A decade ago, the objective was to have a build farm and do continuous integration (on each commit, build the application and run unit tests). Now, the objective is continuous delivery. This means that the new build is directly put into production. All the major applications are doing this, from Chrome to Spotify. You may not get every version on your machine, but you should consider a build as something you could deploy.

The nice thing is that there are tools to ease this workflow.

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A few year ago, Packt Publishing contacted to be a technical reviewer for the first edition of Building Machine Learning Systems with Python, and I was impressed by the writing of Luis Pedro Coelho and Willi Richert. For the second edition, I was again a technical reviewer.

Writing is not easy, especially when it’s not your mother tongue, and scientific books are plagued with books that are not that great, with low technical content or bad English (that can be said for novels as well, the worst I ever read probably being the Hunger games series…). Even if I don’t like the books, I know that the authors did their best, having written in the past a book that I can say was not very great in terms of flow. Writing a book always deserves the deepest respect.

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After my previous post on SPICE modelling in Python, I need to use a good support example to go up to on the fly compilation in C++. This schema will also require some changes to support more than simple nodal analysis, so this now becomes Modified Nodal Analysis with state equations.

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Address Sanitizer: alternative to valgrind

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Recently, at work, I encountered a strange bug with GCC 7.2 and clang 6 (I didn’t test it with Visual Studio 2017 for different reasons). The bug was not visible on “old” compilers like gcc 4, Visual Studio 2013 or even Intel Compiler 2017. In debug mode, everything was fine, but in release mode, the application crashed. But not always at the same location.

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A few month ago, mystran published on KVR a small SPICE simulator for real-time processing. I liked the idea, the drawback being that the code is generic and not tailored like a static version of the optimizer. So I wondered if it was doable. But for this, I have to start from the basics and build from there. So let’s go.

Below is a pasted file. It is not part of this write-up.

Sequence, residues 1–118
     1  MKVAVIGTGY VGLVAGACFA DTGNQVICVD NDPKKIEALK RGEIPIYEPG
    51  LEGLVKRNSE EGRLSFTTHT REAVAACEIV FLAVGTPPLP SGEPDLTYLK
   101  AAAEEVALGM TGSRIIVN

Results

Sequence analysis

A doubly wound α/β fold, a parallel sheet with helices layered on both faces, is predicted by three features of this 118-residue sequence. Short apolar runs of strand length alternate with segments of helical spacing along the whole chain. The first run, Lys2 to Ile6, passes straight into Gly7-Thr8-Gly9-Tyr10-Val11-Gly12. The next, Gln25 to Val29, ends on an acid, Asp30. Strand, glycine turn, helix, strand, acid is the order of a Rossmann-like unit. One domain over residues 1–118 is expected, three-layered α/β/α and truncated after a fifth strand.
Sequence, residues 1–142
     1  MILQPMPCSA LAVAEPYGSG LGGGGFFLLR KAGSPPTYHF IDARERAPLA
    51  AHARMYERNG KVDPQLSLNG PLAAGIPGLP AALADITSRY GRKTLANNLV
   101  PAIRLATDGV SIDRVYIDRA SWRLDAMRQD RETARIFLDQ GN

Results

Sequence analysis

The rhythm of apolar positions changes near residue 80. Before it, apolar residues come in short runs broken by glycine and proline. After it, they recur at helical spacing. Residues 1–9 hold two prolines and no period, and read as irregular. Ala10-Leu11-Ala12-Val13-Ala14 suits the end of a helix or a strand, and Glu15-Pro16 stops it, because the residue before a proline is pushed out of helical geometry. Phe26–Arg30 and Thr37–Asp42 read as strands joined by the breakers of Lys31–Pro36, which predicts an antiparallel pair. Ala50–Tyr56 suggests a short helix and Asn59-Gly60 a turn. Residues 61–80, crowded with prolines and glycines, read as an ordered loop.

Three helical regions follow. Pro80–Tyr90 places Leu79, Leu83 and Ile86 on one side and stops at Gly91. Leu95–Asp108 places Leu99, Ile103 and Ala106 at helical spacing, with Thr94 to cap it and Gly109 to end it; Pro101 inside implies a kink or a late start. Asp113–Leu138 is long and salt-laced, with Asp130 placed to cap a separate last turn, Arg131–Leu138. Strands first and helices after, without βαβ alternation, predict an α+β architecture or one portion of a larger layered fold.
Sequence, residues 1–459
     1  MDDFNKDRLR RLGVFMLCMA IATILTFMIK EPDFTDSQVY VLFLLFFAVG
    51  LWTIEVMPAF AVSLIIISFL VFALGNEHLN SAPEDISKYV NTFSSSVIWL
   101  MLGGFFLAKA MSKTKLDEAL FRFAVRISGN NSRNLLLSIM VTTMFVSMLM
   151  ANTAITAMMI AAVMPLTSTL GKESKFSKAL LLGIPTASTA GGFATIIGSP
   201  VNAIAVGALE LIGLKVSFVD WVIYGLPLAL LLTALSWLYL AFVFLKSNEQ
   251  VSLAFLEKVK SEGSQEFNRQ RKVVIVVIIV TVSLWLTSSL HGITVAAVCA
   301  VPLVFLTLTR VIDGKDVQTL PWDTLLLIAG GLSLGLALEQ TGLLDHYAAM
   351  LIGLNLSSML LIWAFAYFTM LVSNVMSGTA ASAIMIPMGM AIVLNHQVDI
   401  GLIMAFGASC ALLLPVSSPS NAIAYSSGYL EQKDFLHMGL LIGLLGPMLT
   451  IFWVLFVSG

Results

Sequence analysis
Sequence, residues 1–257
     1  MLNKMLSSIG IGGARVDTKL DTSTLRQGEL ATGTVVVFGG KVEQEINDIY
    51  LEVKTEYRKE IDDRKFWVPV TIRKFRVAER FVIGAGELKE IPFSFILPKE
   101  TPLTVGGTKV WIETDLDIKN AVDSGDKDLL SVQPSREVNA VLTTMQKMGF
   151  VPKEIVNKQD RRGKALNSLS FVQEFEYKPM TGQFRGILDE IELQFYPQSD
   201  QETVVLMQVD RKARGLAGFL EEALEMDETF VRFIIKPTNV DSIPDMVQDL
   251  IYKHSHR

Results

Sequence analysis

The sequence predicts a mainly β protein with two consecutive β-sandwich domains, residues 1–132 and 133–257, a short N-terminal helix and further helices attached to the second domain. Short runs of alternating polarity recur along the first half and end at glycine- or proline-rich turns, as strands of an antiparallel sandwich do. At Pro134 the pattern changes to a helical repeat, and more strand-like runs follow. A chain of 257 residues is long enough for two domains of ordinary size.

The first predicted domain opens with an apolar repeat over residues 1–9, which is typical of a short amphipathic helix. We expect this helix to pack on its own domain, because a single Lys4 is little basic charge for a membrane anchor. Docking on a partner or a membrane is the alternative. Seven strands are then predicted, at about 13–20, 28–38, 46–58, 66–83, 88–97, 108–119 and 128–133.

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I’m happy to announce the update of ATK Side-Chain Compressor based on the Audio Toolkit and JUCE. It is available on Windows (AVX compatible processors) and OS X (min. 10.9, SSE4.2) in different formats.

This update changes storage format and allows linked channels to be steered by a mix of power coming from each channel, each passing through its own attack-release filter. It enables more creative workflows with makeup gain specific to each channel. The rest of the plugin works as before, with an optional Middle/Side processing as well as side-chain working either on each channel separately or in middle/side.

This plugin requires the universal runtime on Windows, which is automatically deployed with Windows update (see tis discussion on the JUCE forum). If you don’t have it installed, please check Microsoft website.

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I work on a day-to-day basis on a big project that has many developers with different C++ level. Scott Meyers wrote a wonderful book on modern C++ (that I still need to review one day, especially since there is a new Effective Modern C++), but it is not for beginners. So I’m looking for that rare book with modern C++ and an explanation of good practices.

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LLVM has always intrigued me. Actually, I always thought about one day writing a compiler. But it was more a challenge than a requirement for any of my works, private or professional, so never dived into it. The design of LLVM was also very well thought, and probably close to something I would have had liked to create.

So now the easiest is just to use LLVM for the different goals I want to achieve. I recently had to write clang-tidy rules, and I also want to perhaps create a JIT for Audio Toolkit and the modeling libraries. So lots of reasons to look at LLVM.

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